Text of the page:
NIEM ventures forth
In summer 2007, Version 2.0 of the Extensible Markup Language crime-fighting superhero, the National Information Exchange Model (NIEM), was released. Now, its creators are working to advance the information-sharing schema even further, with a beta of Version 2.1 that possibly will appear by year's end.
A partnership between the Justice and Homeland Security departments, the NIEM initiative is a program to develop information exchange standards for government agencies, be they state, local or federal. Managed by the Integrated Justice Information Systems (IJIS) Institute, NIEM is based on the Global Justice XML Data Model, a highly successful data model for sharing law enforcement information across local, state and federal agencies.
Rather than working on another major update, the NIEM design team decided to tweak NIEM 2.0 with a number of new features, said Paul Wormeli, head of IJIS. One feature is version independence for separate domains. NIEM hosts several domains, each with its own standardized naming conventions ' one for intelligence work, one for law enforcement, one for emergency management. And each domain is managed by a different working group. Soon, each domain group will be able to update its vocabulary without waiting for a full release of NIEM, Wormeli said.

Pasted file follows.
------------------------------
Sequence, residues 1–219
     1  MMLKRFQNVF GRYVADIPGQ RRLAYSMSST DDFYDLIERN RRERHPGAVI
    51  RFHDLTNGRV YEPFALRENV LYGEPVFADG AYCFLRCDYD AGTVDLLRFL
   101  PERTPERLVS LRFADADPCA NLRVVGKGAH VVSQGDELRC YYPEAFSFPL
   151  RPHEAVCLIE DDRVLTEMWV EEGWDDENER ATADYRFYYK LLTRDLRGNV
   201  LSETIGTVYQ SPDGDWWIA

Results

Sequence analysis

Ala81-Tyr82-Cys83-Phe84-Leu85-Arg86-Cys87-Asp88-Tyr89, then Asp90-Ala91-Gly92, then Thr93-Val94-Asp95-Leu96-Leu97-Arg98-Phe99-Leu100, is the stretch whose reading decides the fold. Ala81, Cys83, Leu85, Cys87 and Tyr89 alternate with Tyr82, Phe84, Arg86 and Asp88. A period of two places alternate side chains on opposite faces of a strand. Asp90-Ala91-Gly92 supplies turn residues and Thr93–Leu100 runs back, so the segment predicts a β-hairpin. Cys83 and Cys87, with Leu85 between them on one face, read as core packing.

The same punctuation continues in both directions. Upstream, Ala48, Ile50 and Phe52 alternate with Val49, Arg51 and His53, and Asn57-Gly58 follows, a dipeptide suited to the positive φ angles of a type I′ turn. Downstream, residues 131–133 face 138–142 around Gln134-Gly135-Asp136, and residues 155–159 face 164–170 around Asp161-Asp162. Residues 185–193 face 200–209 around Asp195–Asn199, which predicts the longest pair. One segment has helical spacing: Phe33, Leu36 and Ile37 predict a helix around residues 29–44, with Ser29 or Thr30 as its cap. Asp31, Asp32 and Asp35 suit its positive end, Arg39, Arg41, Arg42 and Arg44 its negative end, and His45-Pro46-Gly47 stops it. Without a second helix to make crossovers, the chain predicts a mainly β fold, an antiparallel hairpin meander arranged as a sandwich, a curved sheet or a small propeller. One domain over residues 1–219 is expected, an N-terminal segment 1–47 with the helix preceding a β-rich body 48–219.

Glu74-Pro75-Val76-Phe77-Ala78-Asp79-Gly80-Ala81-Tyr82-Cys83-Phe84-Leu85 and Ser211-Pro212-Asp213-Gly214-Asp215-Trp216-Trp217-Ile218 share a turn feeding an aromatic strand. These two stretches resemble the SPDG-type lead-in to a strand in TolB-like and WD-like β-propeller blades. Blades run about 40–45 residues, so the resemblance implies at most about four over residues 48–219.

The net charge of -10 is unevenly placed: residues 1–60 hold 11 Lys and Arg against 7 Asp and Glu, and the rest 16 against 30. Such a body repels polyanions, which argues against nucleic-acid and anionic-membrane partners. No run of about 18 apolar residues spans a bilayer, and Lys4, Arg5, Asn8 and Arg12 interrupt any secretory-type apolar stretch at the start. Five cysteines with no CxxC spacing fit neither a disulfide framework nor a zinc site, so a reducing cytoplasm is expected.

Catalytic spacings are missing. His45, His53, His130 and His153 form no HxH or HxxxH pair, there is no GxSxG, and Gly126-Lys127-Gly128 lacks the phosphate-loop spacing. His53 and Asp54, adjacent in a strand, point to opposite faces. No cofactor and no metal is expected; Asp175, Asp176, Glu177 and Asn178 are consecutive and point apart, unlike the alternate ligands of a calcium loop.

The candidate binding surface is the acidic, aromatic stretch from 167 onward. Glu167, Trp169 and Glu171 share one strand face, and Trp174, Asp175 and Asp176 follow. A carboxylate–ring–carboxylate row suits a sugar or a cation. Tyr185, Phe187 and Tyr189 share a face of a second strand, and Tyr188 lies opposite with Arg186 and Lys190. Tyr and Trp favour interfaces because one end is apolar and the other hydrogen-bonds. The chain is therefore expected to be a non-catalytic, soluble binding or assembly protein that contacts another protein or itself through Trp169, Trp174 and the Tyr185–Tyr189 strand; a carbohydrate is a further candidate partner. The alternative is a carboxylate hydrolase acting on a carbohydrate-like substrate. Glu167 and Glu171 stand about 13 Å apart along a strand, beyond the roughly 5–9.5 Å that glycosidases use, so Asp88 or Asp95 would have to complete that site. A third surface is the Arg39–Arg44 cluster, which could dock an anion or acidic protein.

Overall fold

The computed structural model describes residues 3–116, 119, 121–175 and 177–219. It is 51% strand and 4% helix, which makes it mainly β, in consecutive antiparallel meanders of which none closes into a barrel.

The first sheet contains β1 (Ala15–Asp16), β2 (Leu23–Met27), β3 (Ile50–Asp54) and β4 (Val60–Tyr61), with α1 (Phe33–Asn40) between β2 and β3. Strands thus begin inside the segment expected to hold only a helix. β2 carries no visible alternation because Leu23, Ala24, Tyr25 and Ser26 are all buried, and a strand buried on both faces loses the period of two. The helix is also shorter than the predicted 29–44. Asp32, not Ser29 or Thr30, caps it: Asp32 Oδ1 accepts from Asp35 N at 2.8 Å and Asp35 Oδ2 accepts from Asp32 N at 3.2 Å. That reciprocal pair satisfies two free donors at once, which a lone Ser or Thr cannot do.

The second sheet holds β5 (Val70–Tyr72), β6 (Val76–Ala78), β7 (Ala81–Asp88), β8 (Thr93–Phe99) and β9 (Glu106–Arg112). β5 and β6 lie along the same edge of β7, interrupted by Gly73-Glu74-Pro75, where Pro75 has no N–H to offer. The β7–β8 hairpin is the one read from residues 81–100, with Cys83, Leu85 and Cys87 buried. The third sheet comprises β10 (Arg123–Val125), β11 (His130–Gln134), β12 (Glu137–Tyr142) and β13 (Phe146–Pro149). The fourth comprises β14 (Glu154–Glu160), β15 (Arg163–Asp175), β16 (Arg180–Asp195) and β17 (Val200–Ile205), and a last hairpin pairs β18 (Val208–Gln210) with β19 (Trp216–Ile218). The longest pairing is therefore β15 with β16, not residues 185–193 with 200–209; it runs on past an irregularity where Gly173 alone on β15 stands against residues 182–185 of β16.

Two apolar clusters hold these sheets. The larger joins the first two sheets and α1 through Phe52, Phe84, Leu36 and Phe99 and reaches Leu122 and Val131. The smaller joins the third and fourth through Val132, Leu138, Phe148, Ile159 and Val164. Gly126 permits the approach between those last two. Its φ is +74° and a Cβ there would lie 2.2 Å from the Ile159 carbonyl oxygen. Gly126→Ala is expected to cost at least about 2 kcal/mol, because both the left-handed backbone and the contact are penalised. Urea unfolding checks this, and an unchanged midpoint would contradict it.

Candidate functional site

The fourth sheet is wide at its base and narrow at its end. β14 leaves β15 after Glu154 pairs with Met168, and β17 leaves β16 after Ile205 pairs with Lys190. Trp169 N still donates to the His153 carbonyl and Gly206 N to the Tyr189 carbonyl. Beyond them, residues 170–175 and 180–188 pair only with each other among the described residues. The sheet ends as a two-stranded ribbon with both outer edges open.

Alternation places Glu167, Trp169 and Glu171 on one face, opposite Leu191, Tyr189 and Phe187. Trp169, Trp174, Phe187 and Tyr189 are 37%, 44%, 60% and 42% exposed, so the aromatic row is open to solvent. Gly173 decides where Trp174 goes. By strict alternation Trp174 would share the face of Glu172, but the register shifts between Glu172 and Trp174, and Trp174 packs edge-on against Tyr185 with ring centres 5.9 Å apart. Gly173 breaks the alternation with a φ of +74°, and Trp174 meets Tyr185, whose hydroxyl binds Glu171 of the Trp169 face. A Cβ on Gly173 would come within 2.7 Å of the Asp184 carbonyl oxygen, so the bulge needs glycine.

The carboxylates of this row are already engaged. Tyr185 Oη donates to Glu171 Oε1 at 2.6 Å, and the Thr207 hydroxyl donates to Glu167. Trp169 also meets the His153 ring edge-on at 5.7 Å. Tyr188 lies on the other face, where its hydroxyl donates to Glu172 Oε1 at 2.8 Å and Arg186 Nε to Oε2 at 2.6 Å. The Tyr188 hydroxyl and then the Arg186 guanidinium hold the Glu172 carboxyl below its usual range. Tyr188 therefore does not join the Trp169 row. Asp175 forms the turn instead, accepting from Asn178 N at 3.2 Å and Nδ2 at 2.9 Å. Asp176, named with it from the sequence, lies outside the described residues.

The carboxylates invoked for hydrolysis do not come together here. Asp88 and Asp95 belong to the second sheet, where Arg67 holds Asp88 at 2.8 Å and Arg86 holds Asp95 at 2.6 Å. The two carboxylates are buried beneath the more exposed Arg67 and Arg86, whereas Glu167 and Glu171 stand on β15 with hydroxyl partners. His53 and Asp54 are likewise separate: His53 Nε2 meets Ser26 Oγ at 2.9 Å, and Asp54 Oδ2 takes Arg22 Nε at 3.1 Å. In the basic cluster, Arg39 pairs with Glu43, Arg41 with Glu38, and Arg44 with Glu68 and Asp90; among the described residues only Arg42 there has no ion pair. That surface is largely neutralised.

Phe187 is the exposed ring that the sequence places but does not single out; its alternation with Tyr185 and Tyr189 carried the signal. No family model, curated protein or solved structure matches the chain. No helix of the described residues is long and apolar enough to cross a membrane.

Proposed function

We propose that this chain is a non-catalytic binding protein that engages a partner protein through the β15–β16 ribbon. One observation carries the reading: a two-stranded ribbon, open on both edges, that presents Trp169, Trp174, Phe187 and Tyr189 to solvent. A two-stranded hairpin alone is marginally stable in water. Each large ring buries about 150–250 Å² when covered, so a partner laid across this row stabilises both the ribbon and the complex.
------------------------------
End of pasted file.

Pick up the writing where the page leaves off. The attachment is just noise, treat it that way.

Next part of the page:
NIEM 2.1 will also include new vocabulary sets. 'We're branching out into other disciplines,' he said. It will be the first version to offer a vocabulary for juvenile justice concerns, which uses slightly different terms than adult cases.
Biometrics is also a new entry. Although some basic biometrics terms, as defined by the National Institute of Standards and Technology, were entered in Version 2.0, Version 2.1 will expand the schema for widespread use. Biometrics 'crosses a number of domains, including [the U.S. Visitor and Immigrant Status Indicator Technology] program as well as law enforcement applications,' Wormeli said.
Since its introduction in 2005, NIEM has grown into perhaps the largest XML-based information-sharing vocabulary across government. 'It is good to see the baby crawl out of the cradle. Particularly within DHS, the adoption has been significant,' said Michael Daconta, one of the original NIEM architects and now chief technology officer at Accelerated Information Management.
DHS, and more than 18,000 law enforcement agencies, use NIEM for more than 40 programs. New York City just adopted it for all exchanges of tax and health and human services information among agencies. 'We've gone way beyond the original Justice and Homeland Security focus,' Wormeli said.